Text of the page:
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How emotions affect investment decisions?

3 min. reading
Financial Education, Investment / 11 January, 2018

Raúl Rendon Portfolio Manager

Our emotions influence our decisions. It is vital therefore that we analyse how emotions impact investment decisions, and according to our investor advice and the favourable market indicators, we can reach success when investing. Did any of the following recent news items catch your eye...? For example, Leonardo Da Vinci’s painting “Salvator Mundi” was sold for a record price of US$450 million. Midway through the year, Argentina placed 100-year bonds, despite having reported eight defaults in the last 200 years. Or what can we say about the price of the Bitcoin, which reached values close to US$20,000, while just a year ago it was priced at around US$750? The foregoing examples are recent, but history is full of fantastic events that remind us that bubble periods are the norm rather than the exception. What can we say about Tulip mania? Or about the performance of the South Sea Company shares that plunged the very Sir Isaac Newton into ruin?
Why do people decide to buy certain assets?
Very briefly, based on its functions, the brain can be split into three parts:
  • The spinal cord and brain stem which are responsible for the most basic vital functions (breathing, blood pressure, etc.)
  • The limbic system, responsible for motivation, instinct, emotion, learning and memory
  • The cerebral cortex (neocortex) in charge of the rational brain.
So there we have the guilty party: The limbic system is the part of the brain responsible for motivation, instinct, emotion and memory, amongst others, this being the “emotional brain” which explains why investors move in groups, taking part in bubbles due to states of euphoria or selling their assets at a discount in corrective periods. emotions - trade Investors suffer the greatest harm when memory and emotion work hand in hand. Our readers will most certainly know of cases in which, after considerable monetary losses, an investor invests substantially less than they would do in other circumstances. Or, the opposite, cases where investors invest more than usual after a successful operation. In the article written by Richard H. Thaler (Nobel prize for behavioural economics) and Eric J. Johnson (Gambling with the House Money and Trying to Break Even: The Effects of Prior Outcomes on Risk Choice) refer to how sentiments affect decisions and describe the house money effect that occurs when a person receives a higher than expected amount of money or goods. The authors call it the “house money effect” because it is similar to how gamblers behave in casinos: It is usual that once betters have won some money, they are more willing to assume risks thinking that they are playing with house money, although it is actually their winnings not house money at all. Extrapolating the foregoing to the financial markets, how many investors today are following this pattern? How many are actually basing their decisions on an understanding of an investment process philosophy and not just on past yields (Bitcoins) of some assets that open the doors of a limbic system anxious for quick thrills?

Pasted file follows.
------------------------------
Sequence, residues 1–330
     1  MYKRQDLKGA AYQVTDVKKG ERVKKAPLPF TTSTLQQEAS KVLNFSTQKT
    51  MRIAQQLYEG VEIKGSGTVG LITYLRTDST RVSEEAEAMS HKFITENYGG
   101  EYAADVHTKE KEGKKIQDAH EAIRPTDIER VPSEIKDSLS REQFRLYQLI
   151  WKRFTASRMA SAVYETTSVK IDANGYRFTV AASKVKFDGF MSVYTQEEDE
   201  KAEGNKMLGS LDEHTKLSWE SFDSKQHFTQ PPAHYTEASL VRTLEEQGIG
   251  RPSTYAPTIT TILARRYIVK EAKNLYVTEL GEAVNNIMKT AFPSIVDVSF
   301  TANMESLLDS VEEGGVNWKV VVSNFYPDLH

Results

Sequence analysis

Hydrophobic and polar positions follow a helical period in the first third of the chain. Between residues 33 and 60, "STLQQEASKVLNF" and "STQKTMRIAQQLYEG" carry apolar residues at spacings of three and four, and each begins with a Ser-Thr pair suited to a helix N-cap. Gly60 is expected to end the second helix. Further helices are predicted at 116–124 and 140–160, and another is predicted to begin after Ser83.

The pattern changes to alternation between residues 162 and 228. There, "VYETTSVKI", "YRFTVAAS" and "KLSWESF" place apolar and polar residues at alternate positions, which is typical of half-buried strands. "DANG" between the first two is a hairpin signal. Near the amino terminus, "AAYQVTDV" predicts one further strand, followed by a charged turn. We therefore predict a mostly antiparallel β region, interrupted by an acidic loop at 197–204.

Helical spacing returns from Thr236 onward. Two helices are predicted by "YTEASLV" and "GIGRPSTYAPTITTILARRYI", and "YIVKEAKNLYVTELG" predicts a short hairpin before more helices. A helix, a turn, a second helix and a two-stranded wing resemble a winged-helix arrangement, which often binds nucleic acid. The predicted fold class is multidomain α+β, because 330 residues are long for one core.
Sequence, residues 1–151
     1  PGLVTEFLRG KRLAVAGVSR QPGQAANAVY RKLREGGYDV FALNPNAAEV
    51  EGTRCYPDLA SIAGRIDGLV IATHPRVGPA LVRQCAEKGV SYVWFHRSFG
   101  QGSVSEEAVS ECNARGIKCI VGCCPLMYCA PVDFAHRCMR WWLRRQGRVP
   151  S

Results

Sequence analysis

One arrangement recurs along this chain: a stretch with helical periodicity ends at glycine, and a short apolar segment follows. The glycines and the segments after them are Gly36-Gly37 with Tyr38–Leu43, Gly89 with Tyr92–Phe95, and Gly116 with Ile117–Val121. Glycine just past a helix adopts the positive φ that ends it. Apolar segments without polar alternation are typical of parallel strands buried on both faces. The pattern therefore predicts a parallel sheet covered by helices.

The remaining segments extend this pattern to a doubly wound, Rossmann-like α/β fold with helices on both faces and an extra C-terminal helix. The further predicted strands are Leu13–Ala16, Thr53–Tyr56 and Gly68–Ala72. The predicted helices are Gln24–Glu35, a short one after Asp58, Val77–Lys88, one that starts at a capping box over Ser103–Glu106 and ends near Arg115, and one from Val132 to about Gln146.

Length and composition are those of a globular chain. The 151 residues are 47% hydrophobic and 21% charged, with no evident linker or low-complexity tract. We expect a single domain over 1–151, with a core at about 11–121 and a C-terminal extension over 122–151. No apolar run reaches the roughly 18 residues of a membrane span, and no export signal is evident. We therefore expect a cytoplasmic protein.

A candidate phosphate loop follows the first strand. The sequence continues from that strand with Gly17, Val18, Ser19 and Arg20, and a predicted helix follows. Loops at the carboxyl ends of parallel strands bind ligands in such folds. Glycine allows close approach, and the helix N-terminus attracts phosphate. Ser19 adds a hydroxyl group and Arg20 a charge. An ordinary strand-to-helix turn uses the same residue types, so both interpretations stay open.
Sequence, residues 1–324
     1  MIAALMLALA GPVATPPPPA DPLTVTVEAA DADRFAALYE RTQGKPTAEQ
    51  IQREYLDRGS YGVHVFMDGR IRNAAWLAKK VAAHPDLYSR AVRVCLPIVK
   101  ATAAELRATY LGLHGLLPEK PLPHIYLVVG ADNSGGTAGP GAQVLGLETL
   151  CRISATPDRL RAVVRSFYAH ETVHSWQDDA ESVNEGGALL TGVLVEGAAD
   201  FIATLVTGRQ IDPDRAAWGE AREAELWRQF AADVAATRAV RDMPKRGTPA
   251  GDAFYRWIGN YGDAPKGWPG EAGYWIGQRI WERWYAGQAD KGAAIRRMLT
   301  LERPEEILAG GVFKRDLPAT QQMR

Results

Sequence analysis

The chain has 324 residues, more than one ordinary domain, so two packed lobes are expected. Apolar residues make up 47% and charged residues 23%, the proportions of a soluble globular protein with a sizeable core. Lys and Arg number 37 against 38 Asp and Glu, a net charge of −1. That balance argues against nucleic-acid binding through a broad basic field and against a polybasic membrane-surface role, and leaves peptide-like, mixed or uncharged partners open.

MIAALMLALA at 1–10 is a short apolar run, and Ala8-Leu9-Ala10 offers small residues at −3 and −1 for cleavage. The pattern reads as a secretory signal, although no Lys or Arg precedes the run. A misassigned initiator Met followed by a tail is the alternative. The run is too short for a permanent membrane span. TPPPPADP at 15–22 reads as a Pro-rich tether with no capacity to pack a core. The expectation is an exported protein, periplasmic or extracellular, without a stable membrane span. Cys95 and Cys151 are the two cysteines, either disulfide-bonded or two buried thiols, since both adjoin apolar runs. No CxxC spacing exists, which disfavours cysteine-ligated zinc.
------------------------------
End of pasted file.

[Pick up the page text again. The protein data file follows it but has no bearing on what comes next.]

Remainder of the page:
It is difficult to control sentiment when investing because precisely, as human beings, we are prone to following trends, unconsciously influenced by stories and mass trains of thought, making them our own.
The aim of this article is not to determine whether or not we are in an equity market (or any other asset) bubble, rather it is an invitation to reflect on how we take our decisions, above all bearing in mind that if history is anything to go by, at some time in the future, we could be tempted to take part in some “bubble”, following what the masses are doing. Investors should undoubtedly put the analytical part of the their brain (the neocortex) to work and give their limbic system a break; an exceedingly complex situation that necessarily highlights the importance of having an investment advisor with a “cool head” close at hand to help us take the best decision possible.